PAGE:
Published On: Fri, May 30th, 2014

CITES welcomes GEF-6 biodiversity strategy

The Convention on International Trade in Endangered Species of Wild Fauna and Flora (CITES) has welcomed the Global Environment Facility (GEF-6) biodiversity strategy approved at the on-going fifth GEF assembly in Mexico, a statement said on Friday.

The statement said the GEF-6 Biodiversity Strategy would be implemented under the sixth replenishment of the GEF Trust Fund.

“The strategy encompasses four objectives and is composed of 10 programmes. The second objective of the GEF-6 Biodiversity strategy (BD2) is to reduce threats to globally significant biodiversity.

“Programme three, under this objective, is aimed at preventing the extinction of known threatened species. This programme recognises that illegal trade in wildlife and wildlife parts is an emerging driver of biodiversity loss’’ and “that poaching at the current scale undermines the rule of law and economy generally”.

The statement quoted CITES Secretary-General John Scanlon as saying: “This GEF-6 biodiversity strategy responds to the immediate threat posed by poaching and smuggling to the survival of known threatened species in the wild.

“Poaching and smuggling of the survival of known threatened species which is being increasingly carried out at an industrial scale by organised transnational criminal gangs.

“Access to additional financing to help reverse these trends is essential and CITES applauds the GEF for its timely and innovative response to this crisis which poses a threat to wildlife, people, economies and security,” he added.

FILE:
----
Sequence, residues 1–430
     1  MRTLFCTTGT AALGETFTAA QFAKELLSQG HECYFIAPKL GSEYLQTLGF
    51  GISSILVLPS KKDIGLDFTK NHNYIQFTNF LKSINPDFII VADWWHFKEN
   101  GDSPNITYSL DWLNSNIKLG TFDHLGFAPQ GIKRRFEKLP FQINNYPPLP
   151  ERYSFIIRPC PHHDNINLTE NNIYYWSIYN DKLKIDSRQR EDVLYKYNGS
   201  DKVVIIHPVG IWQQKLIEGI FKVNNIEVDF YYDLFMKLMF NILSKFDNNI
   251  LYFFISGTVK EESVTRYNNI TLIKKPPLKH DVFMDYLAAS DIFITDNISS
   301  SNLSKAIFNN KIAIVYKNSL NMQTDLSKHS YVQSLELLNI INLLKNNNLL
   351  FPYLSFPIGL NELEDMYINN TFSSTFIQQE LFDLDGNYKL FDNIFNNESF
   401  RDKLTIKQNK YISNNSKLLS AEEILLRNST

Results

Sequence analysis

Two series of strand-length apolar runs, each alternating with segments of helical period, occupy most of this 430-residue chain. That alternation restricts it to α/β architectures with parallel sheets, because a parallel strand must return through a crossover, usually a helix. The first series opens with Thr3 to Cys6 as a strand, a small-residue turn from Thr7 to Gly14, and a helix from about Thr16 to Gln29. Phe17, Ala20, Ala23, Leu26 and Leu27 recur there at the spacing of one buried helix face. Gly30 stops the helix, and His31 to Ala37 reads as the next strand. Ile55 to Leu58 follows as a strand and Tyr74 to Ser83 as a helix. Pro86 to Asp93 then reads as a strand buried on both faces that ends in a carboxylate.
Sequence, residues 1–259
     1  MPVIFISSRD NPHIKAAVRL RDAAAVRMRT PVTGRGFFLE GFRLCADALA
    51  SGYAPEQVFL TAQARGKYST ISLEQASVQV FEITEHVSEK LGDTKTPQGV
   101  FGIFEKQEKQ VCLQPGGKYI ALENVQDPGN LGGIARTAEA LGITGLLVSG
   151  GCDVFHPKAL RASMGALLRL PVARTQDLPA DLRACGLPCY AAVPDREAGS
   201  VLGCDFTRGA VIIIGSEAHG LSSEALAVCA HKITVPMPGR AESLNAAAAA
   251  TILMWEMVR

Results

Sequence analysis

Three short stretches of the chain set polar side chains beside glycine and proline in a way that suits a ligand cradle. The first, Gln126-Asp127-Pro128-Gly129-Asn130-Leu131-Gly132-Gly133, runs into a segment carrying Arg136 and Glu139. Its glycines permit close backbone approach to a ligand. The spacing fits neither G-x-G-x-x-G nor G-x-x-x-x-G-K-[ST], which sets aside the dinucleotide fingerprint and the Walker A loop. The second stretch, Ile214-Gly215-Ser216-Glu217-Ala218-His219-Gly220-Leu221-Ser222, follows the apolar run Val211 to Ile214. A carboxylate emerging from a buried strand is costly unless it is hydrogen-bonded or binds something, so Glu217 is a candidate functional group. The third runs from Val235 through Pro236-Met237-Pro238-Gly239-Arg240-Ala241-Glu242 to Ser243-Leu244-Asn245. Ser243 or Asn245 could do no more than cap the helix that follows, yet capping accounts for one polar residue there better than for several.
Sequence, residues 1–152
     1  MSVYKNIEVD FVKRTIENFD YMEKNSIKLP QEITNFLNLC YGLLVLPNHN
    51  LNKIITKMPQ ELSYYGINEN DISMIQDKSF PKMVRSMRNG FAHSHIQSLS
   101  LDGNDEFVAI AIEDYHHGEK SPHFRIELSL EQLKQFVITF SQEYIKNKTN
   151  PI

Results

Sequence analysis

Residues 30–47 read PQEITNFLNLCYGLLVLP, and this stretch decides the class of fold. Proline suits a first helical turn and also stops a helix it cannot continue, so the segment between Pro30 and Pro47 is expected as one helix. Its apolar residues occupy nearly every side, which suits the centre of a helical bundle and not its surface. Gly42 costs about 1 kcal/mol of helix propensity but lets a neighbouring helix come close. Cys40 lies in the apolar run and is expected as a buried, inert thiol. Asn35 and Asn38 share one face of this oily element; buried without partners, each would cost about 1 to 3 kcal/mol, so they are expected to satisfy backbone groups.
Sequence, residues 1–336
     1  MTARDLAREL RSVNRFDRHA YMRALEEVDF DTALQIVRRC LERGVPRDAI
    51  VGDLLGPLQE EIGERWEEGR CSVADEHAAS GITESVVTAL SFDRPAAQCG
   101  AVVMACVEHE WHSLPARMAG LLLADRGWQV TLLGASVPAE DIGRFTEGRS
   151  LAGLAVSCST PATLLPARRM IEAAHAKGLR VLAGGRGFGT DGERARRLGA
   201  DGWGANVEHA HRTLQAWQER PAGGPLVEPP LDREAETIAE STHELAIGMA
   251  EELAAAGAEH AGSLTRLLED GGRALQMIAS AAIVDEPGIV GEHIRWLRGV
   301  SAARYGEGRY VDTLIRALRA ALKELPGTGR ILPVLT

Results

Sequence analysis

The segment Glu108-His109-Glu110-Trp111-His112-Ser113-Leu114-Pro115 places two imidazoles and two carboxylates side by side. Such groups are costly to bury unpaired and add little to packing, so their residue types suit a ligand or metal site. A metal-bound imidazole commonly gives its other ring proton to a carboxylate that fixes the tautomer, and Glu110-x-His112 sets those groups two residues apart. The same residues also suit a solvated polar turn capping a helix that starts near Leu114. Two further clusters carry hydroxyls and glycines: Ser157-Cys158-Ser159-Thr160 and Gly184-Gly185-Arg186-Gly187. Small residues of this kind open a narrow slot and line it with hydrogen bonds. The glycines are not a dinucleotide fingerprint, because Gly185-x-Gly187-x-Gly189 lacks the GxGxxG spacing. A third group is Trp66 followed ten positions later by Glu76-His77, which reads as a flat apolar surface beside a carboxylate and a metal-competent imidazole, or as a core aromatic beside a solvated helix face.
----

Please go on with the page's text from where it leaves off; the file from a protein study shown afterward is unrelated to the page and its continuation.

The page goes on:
The statement said that the programme would support strengthening decision making.

“GEF will strengthen the decision making process, including legislation and its implementation, strategic planning and capacity of national agencies in Africa engaged in reducing poaching and illegal trade of tusks, horns and associated by-products.

“GEF will also complement anti-poaching work in Africa through a similar array of interventions at source sites for rhino and elephants and other wildlife in Asia,” it said.

According to the statement, the CITES Secretariat is in discussions with GEF implementing agencies on how to further assist parties.

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  1. lippys.enterprises@bigpond.com' Kevin Linton says:

    I am afraid that unless there is a coordinated effort of governments, professional people in the area and the local populations, we are probably wasting our time…and money.

    In my opinion, we have tried ‘the carrot’, I am now in favour of ‘the stick’. This will probably require agreement to ‘come down hard’ on poachers…perhaps even shoot on site.

    Sincerely,

    Kevin Linton.

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